Scotiabank invests in youth development, donates US$10,000 to Lead Institute programs – Eye Witness News


NASSAU, BAHAMAS — In an effort to support at-risk youth, Scotiabank in the Bahamas has donated $10,000 to the Leadership Esteem Ability Discipline (LEAD) institute in Freeport, Grand Bahama, to support its summer camp, Camp Future, and its alternative education program, Académie des Aigles.

The camp, which runs from July 4 to July 29 between 8:30 a.m. and 1:30 p.m., welcomes up to 100 children and teenagers aged 8 to 17 and engages them in a series of programs that introduce and develop their skills. leadership skills and give them the opportunity to give back to the community.

Na-amah Barker, director of retail banking, Scotiabank Bahamas, said the initiatives align with Scotiabank’s philanthropic focus on building economic resilience in communities by helping individuals maximize their potential despite challenges. difficult circumstances.

“At Scotiabank, we are here for every future and that includes the future of children and young adults everywhere in the Bahamas, regardless of their origins. We couldn’t be more proud to support the LEAD Institute as they provide positive avenues and second chances. We hope our donation can help forge a better way of life for these young people,” Barker said.

Davonia Archer, Branch Manager, Scotiabank Freeport, presents a symbolic check for US$10,000 to Troy Clarke, President of the National LEAD Institute in support of the organization’s Summer Camp and Eagles Academy programs.

Meanwhile, Troy Clarke, President and CEO of the LEAD Institute thanked Scotiabank for investing in the initiative and ultimately in the youth of the Bahamas.

Noting that the country’s social and economic climate has changed since the COVID-19 pandemic, Clarke said there is a great need for programs to support young people, especially those in at-risk demographics.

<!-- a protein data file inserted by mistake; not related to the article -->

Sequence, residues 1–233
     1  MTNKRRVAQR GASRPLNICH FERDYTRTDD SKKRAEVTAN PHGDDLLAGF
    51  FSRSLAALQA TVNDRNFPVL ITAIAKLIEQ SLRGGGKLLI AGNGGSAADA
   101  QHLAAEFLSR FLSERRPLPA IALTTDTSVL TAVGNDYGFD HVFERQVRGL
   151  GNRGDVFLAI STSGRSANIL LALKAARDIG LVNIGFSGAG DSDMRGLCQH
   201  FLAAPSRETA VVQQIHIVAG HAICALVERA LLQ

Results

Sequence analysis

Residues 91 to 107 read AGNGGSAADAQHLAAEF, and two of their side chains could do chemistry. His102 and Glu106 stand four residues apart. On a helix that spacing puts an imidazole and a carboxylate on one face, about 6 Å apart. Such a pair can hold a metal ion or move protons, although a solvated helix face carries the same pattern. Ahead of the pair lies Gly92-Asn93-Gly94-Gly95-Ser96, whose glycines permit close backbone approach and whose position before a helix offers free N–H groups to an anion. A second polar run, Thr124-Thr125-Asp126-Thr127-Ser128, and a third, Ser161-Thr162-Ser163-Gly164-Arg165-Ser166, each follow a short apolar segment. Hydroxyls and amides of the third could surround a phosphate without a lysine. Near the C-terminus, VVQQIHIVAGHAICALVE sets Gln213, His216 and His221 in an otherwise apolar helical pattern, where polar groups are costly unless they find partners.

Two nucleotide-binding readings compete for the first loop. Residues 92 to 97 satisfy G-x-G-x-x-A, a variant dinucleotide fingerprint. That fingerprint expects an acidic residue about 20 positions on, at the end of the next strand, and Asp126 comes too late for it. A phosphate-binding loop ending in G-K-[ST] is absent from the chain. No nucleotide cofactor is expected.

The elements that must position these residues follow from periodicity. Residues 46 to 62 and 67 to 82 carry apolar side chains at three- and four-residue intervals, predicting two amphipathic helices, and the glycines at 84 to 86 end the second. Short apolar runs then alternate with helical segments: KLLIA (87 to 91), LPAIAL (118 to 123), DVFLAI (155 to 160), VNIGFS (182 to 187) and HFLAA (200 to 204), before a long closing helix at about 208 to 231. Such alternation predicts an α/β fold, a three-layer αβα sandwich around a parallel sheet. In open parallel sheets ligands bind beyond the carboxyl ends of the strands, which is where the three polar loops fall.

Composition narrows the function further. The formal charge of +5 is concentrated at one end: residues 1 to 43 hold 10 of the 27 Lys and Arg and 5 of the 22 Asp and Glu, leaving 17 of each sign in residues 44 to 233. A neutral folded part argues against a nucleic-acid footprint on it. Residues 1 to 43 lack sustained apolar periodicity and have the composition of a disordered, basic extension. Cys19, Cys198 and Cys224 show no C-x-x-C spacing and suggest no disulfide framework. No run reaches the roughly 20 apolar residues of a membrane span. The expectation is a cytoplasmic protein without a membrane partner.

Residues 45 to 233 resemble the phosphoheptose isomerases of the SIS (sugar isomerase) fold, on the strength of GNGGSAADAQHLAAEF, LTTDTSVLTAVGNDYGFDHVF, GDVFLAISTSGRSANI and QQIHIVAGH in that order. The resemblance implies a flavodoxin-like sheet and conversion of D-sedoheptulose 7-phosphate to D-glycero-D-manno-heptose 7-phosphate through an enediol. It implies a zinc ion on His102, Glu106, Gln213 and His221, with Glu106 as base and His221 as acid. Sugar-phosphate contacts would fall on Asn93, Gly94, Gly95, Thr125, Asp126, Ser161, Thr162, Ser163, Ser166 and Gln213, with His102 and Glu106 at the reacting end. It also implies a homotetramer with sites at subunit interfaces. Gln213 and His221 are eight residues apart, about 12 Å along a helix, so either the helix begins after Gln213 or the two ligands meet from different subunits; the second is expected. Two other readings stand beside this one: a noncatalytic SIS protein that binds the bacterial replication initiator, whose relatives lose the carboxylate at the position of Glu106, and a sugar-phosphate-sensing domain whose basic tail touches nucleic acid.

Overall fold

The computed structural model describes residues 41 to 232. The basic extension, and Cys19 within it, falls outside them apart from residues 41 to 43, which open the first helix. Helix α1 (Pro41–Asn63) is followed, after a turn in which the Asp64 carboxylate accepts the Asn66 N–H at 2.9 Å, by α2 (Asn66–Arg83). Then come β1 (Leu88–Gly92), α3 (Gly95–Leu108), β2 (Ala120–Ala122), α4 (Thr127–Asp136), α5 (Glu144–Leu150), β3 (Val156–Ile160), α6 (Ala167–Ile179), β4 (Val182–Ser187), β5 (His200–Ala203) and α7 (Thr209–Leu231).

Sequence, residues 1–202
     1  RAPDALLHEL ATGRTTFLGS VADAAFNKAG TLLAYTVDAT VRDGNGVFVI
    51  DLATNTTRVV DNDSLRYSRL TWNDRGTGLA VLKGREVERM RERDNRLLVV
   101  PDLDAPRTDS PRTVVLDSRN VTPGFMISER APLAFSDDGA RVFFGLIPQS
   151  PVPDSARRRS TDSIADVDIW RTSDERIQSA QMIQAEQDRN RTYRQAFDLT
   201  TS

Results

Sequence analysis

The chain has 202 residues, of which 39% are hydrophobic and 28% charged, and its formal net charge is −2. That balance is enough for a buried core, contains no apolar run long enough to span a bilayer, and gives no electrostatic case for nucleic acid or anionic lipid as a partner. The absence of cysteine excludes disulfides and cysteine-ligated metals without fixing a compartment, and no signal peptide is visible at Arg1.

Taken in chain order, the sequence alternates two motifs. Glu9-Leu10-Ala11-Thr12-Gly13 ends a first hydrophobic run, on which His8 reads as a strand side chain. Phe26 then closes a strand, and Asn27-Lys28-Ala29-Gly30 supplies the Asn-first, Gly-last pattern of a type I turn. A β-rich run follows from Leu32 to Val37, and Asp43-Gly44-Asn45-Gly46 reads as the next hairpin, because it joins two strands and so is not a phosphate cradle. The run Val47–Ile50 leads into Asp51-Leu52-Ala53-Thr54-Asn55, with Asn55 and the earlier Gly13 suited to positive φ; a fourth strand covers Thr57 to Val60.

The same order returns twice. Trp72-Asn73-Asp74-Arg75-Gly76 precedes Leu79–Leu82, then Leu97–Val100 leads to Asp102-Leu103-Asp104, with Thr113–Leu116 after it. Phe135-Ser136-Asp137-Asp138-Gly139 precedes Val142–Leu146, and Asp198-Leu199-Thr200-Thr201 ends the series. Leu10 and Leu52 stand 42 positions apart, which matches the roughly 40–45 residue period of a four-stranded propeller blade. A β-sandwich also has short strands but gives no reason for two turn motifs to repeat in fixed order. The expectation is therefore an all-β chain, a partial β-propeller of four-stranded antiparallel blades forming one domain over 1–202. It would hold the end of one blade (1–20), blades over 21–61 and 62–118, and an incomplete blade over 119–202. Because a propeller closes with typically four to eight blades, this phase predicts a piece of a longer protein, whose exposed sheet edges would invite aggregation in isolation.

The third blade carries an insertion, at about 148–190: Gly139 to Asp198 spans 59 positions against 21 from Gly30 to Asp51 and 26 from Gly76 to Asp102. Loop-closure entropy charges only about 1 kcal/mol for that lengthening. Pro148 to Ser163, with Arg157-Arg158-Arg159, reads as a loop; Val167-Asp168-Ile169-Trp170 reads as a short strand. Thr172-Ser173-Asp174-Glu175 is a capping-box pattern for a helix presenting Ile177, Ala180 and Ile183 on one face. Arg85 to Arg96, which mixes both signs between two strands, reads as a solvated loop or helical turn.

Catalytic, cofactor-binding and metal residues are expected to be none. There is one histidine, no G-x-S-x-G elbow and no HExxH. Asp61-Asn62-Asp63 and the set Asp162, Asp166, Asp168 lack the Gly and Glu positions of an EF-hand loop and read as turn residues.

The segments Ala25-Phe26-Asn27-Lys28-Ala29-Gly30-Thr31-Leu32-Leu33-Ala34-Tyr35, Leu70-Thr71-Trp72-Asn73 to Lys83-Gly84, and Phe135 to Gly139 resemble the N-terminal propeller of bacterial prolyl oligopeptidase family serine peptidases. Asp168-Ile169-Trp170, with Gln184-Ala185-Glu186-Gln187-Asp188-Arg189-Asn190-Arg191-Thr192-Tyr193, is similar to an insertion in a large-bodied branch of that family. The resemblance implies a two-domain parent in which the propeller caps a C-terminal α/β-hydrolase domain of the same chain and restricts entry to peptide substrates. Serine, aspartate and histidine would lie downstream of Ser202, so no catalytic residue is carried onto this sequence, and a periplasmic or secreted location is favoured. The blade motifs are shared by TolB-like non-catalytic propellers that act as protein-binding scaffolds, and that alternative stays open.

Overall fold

“This year’s camp far exceeded our expectations of last year. With Scotiabank being our lead sponsor, new topics and activities have been added to the program, enhancing our service delivery. This was only made possible when Scotiabank became our lead sponsor and made a significant donation,” he said.

“The adolescent stage can lead to negative behavior in response to that individual’s environment. As a result, a child is likely to make poor choices that will impact both parent and child.

“Thus, Camp Future hopes to create an environment where the child/adolescent can flourish mentally and socially. This will be done by helping them improve their interpersonal skills, challenging them to make better decisions, develop life skills, meet positive role models and discover the best version of themselves,” added Clarke.

LEAD Institute is the premier non-profit organization that assists in the areas of community corrections for rehabilitation, alternative schooling and addiction treatment programs, and provides services to men in crisis through the Eagles Academy. The institute also offers pathways to a better way of life for school dropouts, ex-convicts, those on bail, and those with criminal records.

The Institute will officially launch the Eagles Academy program in Grand Bahama in September, which is a long-term prevention and intervention program in middle and high schools, which will engage students suspended or expelled from the regular school system.

Scotiabank, through its global philanthropic initiative Scotia LEISURE, has allocated $500 million over the next 10 years to promote the economic resilience of disadvantaged groups.


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